I have so many dreams for my sons. I have no way of knowing who they will be when they grow up or who they will choose to love. I will love them regardless of whether or not they attend college or achieve their perceived successes in life. I will love them if they are gay and I will love them if they are straight. And, because of this monumental ruling, I will be able to dance with them at their weddings regardless of whom they choose as life partners and where they choose to live.

I will continue to remain unshaken in my belief that all people matter. No religion or law will dictate how I choose to treat others. I will never claim to easily or always love or embrace others or treat others with kindness. Doing so will always be both a struggle and a conscious choice. But, regardless of my spiritual or political beliefs, I will always try to choose love. I will always try to choose kindness. And, I will always try to choose what I feel in my heart is right.

Hate builds mountains. Love moves them. Choose love.

An Adoptee’s Perspective: 15 Things Transracially Adoptive Parents Need to Know

1. Race and culture matter. My race and culture of origin are integral to my identity and will always be a part of me. Regardless of how much society claims to be colorblind, I will always be characterized and labeled by the color of my skin. Because I do not look like you, it is important for you to show me—through your words and actions—that being different is okay.

2. As a transracial family, our lives will change in ways we could never imagine. Be prepared that the perception of our family will completely change…as will our views of the world.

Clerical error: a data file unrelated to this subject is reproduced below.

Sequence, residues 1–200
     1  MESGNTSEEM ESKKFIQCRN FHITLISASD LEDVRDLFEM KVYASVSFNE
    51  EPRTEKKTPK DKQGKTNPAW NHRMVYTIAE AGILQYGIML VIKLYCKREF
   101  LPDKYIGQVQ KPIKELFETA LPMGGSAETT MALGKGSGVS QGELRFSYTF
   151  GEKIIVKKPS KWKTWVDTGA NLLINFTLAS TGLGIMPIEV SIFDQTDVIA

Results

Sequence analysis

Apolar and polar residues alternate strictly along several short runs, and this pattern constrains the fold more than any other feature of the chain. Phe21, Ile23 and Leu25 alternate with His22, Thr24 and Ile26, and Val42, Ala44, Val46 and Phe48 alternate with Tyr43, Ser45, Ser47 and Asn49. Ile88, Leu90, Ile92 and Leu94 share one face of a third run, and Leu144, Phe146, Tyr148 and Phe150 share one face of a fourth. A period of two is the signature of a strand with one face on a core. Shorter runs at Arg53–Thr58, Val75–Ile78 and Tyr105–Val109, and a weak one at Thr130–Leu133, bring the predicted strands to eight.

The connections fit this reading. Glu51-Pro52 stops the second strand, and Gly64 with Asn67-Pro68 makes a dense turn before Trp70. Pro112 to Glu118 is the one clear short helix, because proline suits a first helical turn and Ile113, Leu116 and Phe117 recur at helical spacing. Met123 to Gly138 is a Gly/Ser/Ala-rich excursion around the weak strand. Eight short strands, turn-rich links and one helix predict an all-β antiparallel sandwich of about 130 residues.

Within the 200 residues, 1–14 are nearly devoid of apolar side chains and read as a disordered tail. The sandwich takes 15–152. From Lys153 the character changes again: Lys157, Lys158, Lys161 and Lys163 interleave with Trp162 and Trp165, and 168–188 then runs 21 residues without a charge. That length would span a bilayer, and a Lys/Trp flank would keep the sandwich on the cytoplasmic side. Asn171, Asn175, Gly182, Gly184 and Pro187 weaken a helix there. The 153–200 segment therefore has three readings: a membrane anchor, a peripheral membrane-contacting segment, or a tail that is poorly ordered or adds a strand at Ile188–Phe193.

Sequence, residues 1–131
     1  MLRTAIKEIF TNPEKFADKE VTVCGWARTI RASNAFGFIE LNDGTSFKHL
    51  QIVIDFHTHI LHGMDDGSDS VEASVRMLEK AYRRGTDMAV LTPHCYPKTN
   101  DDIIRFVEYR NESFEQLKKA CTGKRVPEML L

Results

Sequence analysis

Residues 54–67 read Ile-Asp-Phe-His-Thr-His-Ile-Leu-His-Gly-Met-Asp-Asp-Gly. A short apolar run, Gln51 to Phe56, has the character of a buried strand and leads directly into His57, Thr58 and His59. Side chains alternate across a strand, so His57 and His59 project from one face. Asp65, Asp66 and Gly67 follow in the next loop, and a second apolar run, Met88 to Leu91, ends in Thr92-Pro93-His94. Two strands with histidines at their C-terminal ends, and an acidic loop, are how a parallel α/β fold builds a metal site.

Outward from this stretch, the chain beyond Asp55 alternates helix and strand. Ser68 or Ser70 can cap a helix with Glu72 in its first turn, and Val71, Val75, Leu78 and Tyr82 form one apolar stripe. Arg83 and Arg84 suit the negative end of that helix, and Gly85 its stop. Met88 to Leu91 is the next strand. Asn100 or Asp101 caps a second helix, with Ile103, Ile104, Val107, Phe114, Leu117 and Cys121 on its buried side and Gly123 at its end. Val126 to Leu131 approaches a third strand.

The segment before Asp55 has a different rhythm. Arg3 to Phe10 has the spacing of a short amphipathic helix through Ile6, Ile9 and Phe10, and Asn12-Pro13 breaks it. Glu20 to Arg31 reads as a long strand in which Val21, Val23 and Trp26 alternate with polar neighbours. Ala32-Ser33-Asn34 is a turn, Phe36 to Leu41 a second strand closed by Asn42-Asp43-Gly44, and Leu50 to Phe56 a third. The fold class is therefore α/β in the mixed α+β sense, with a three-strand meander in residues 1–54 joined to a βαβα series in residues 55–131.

3. Honoring my race and culture of origin should not just be something that our family does on special occasions. It should be an integral part of our everyday lives as well. A few ways in which you can honor my race and culture on a daily basis are displaying photos or pieces of artwork that reflect my culture and ethnicity in our home, cooking ethnic meals, incorporating words from my native language into our everyday conversations, and reading cultural bedtime stories. Normalizing our efforts to honor my race and culture will make me feel a little less different and will help foster pride in who I am.

4. Prepare yourself for the possibility that your relationships with friends, family members, and others may drastically change due to prejudices you (and they!) never knew they had. You may need to examine who the people are in our lives and whether or not having them around will be more beneficial or detrimental to our family.

5. I should not be used as the bridge into my racial or cultural communities of origin—it is your responsibility to be that bridge for me. As a transracially adoptive parent, it is imperative that you provide opportunities for me to learn about and grow my connections with my racial and cultural communities of origin.

6. Nobody is expecting you to be the perfect transracially adoptive parent, and you absolutely cannot do it alone. It truly takes a village to raise a child who has been adopted transracially. It is important to accept the things you do not know about my race and culture of origin. Rather than seeing that lack of knowledge as a shortcoming or failure, try to view it as an opportunity to learn with me. Use every opportunity possible to involve our entire family when learning about my race and culture of origin. In doing so, you will be forming a stronger bond with me and helping me feel like an important part of our family.

7. Know that there will be times when you will need to step out of your comfort zone to provide me with the opportunities I need to learn about my race and culture. Spending time in places where YOU are the minority should be an integral part of being a transracially adoptive parent. Interacting with and forming relationships with people who look like ME, but don’t look or act the way YOU do, is an absolute must. Remember that my journey takes me outside of my comfort zone on a daily basis. I need for you to be willing to take a walk in my shoes and weather those storms with me.